The Many Faces of Machine Vision Maintenance
| By: Winn Hardin, Contributing Editor
Across industry, preventive maintenance is seen as a way to avoid unexpected downtime. Electrical motors are regularly tested for vibration, while thermal imagers track hot spots in housings and electrical loads. Human machine interfaces (HMI) are mined to see how electrical loads compare to production schedules and speeds to develop qualitative data indicative of overall equipment health. Trends in this data are then used to schedule preventative maintenance downtime – a brief break in production that hedges against longer, unplanned outages – and to make sure that necessary spare parts are on hand.
When it comes to high-technology industrial solutions, such as machine vision quality assurance, material handling, and assembly systems, customers need to adopt similar approaches. And like the best conditioned-based maintenance (CBM) processes, risk analysis and other factors should guide engineers when they consider their machine vision maintenance needs.
Maintenance As a Training Tool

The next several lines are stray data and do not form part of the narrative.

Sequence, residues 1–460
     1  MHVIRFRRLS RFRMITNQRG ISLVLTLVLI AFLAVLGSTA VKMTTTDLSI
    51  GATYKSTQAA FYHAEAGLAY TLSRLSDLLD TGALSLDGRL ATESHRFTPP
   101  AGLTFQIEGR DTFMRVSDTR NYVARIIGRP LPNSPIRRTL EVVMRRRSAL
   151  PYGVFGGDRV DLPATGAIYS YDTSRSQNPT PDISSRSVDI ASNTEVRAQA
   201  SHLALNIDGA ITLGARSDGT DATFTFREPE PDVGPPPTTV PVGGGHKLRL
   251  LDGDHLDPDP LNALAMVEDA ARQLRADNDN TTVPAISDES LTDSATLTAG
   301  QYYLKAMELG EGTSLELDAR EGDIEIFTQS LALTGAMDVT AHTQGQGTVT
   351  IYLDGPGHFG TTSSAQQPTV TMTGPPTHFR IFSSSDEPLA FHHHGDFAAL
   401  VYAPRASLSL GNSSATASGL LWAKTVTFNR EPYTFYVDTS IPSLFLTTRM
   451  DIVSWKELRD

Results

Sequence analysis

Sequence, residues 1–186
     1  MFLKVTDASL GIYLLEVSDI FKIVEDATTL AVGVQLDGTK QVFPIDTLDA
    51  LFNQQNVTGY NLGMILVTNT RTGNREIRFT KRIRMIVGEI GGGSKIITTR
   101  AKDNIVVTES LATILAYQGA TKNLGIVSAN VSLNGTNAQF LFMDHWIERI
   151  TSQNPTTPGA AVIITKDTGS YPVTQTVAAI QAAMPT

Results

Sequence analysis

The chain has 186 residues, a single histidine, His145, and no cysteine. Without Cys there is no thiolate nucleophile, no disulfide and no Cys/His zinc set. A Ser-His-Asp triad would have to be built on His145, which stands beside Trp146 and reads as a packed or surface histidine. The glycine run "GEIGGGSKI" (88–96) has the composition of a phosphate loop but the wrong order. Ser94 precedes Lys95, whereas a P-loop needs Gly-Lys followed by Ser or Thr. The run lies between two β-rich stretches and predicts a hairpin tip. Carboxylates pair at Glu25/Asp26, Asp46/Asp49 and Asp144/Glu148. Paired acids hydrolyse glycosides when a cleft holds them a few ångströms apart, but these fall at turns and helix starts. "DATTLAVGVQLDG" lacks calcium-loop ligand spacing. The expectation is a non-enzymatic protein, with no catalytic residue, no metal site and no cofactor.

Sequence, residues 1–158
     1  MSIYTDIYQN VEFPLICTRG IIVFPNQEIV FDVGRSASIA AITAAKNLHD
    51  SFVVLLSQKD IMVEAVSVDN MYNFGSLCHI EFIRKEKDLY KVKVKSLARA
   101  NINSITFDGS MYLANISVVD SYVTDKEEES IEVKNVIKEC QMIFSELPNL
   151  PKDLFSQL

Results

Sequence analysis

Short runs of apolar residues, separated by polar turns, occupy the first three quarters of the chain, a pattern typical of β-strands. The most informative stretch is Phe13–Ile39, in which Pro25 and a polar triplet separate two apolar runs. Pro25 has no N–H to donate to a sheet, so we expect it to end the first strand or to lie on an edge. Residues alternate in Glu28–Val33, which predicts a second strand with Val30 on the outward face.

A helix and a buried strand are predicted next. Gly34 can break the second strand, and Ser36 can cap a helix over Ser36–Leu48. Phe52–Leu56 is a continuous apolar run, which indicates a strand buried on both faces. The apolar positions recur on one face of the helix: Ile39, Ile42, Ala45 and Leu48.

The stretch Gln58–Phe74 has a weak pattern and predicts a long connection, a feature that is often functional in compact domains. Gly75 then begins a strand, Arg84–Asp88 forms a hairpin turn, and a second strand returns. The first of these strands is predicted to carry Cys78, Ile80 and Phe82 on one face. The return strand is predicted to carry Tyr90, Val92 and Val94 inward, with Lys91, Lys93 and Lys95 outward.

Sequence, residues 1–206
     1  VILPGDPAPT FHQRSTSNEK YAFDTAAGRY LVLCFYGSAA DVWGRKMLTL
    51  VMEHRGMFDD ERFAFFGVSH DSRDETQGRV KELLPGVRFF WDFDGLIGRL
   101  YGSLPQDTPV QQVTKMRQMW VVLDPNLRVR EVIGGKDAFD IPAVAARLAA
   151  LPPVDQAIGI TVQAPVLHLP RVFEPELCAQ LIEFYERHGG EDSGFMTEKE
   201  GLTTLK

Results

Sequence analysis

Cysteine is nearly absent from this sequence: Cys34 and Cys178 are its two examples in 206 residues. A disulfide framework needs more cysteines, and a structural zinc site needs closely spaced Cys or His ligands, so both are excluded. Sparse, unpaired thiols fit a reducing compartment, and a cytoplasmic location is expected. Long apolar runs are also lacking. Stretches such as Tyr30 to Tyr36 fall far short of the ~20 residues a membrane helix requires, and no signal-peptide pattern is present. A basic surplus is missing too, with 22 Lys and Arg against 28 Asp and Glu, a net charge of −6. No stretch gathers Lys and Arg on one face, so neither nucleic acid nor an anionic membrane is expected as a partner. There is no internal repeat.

“There are really two types of maintenance: preventative and repairs,” says Brian Durand, President of machine vision integrator i4 Solutions (St. Paul, Minnesota). “It’s our experience that short of a hardware failure, vision systems work for a long time. Usually, the only issues that come up are related to material handling systems, which affect how the part is presented to the vision system, or changes to the product itself, which would then require some reprogramming.”
Most machine vision equipment is all solid state, which means few, if any, moving parts and few points of failure. “We see cameras in use for eight to10 years after they were manufactured,” adds Scott Smith, Director, Application Engineering at Allied Vision Technologies Inc. (Newburyport, Massachusetts). “We put new cameras through rigorous temperature and burn-in cycles. Like all electronics, if something is going to fail, it usually fails at the beginning. So when a camera survives the manufacturing stress tests, it’s usually good for a number of years as long as it’s used under temperature and environmental conditions set by the manufacturer. User error is also a rare source of camera failure, since most users and integrators know these are sensitive electronics, and so they don’t place them in positions where they would be damaged by impact or inappropriate conditions.”